Achievements of Volunteer Monitoring Programs Across the Globe
Every so often we hear some especially exciting news about volunteer monitoring program happenings from our colleagues nationwide - and from around the world. This page contains exciting achievements and announcements about volunteer monitoring. Please let us know breaking news from your region of the country so we can compile a comprehensive list of accomplishments.
The BBC reported on a recent review of hundreds of citizen science projects that concluded that "the involvement of volunteers offers 'high value to research, policy and practice.'" View the BBC article>>
The Nerc Centre for Ecology and Hydrology (CEH) and the Natural History Museum, London, compiled the review of programs along with a guide for conducting citizen science projects. View the guide>>3.4 MB pdf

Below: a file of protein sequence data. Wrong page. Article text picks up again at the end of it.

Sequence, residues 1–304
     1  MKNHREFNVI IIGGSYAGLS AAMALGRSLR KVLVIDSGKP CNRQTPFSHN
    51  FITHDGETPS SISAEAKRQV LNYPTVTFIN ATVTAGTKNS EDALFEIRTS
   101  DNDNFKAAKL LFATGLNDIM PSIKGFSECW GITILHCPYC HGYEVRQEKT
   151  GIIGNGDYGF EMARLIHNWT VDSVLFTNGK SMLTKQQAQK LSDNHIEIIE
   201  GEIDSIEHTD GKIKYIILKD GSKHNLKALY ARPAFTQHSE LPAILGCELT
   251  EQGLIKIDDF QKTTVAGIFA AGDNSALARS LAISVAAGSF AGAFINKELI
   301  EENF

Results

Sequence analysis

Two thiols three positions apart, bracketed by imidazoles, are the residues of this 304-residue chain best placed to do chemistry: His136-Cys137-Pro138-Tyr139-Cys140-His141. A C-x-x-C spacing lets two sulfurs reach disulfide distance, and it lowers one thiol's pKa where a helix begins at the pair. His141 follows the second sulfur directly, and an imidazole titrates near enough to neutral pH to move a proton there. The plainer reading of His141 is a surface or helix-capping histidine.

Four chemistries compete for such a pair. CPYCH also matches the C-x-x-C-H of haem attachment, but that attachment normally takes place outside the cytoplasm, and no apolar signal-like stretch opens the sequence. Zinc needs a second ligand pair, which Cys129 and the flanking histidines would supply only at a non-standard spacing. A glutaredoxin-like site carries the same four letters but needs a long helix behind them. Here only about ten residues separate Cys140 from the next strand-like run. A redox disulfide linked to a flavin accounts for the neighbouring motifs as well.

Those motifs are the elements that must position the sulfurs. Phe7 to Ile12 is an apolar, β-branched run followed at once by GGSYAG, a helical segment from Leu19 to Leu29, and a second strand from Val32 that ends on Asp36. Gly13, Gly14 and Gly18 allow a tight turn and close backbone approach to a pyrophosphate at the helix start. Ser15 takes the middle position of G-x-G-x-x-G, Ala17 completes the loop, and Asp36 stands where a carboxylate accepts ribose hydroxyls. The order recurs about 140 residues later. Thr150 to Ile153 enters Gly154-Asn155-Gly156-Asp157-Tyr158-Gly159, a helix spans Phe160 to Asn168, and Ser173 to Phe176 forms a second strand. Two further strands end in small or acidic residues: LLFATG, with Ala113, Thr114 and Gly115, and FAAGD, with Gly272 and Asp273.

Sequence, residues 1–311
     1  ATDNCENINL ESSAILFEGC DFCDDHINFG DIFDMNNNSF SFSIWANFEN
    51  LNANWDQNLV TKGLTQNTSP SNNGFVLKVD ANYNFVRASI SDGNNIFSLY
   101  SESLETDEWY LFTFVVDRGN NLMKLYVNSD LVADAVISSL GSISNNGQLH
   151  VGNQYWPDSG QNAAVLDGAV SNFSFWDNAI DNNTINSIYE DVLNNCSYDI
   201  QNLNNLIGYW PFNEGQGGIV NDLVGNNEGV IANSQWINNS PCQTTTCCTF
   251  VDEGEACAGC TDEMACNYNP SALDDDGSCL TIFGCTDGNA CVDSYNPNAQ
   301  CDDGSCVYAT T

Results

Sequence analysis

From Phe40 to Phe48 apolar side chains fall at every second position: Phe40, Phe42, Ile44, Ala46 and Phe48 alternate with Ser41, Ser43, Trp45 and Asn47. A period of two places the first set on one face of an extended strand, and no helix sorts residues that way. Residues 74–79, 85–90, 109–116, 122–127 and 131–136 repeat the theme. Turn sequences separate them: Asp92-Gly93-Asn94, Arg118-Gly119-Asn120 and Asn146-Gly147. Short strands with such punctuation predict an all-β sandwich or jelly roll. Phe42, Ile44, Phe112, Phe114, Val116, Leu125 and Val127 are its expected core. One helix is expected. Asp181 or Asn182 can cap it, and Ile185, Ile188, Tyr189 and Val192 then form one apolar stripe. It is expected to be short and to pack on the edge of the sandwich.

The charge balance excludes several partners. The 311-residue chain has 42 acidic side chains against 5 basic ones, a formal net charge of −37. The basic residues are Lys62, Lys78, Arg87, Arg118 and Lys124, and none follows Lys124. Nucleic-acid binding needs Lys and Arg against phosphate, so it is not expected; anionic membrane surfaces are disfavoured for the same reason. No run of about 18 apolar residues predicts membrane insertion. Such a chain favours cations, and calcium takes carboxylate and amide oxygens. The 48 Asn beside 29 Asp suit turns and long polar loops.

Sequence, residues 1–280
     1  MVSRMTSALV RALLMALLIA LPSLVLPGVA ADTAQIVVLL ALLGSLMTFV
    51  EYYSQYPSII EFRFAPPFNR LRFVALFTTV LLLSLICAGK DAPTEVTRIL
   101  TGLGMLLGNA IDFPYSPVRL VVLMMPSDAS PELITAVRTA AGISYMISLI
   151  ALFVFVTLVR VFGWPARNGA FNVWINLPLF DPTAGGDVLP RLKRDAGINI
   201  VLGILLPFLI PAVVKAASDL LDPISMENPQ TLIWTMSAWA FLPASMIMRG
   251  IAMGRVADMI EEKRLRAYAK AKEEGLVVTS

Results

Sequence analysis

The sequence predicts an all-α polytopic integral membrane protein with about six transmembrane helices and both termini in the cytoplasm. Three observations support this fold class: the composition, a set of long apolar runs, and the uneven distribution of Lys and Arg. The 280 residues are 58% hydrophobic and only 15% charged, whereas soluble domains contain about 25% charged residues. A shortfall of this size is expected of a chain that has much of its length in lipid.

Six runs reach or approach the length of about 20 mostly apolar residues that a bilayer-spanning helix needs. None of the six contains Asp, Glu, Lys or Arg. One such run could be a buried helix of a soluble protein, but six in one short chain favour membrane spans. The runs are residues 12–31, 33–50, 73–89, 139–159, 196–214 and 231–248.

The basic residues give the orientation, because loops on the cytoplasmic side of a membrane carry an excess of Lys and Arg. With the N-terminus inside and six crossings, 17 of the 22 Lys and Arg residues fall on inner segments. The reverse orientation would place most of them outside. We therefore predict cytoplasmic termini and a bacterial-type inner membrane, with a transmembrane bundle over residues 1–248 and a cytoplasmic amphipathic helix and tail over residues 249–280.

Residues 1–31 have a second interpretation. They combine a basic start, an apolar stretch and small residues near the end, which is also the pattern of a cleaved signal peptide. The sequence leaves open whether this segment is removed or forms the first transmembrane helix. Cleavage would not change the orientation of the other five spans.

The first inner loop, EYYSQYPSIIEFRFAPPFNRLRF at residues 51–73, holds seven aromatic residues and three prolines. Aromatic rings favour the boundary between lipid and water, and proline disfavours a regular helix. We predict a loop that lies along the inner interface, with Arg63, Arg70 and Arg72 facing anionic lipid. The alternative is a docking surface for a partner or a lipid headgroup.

The Sun Foundation – an Illinois not-for-profit, Illinois science agencies and local Peoria businesses and organizations are sponsoring the 22nd annual Clean Water Celebration in April 2012. This is a two-day event held each spring at the Peoria Civic Center in Peoria, IL. The largest event of its kind in the world, it was formed to educate students in making a difference by protecting water. View the full announcement about this event >>
The Missouri Stream Team released "The State of Missouri's Streams Report" summarizing water quality in Missouri's streams and rivers based on volunteer monitoring data from 1993-2012. View the report>>
Menominee Indian High School won $10,000 upon being named as the recipient of the 30th Anniversary Vernier Technology Grant to increase outdoor STEM learning activities. The grant will allow students at the high school to increase their participation in volunteer stream monitoring. Congratulationis to teacher Dan Starr and the Menominee Indian High School! View more about this at Vernier's website >>
Wisconsin's Water Action Volunteer's is offering groups nationwide the opportunity to place large quantity (more than 25) orders for their popular Wonderful, Wacky, Water Critters booklet for just $1.00 per copy plus shipping.
View the order form (87 KB pdf file)>>
View the order form (110 KB Word file) >>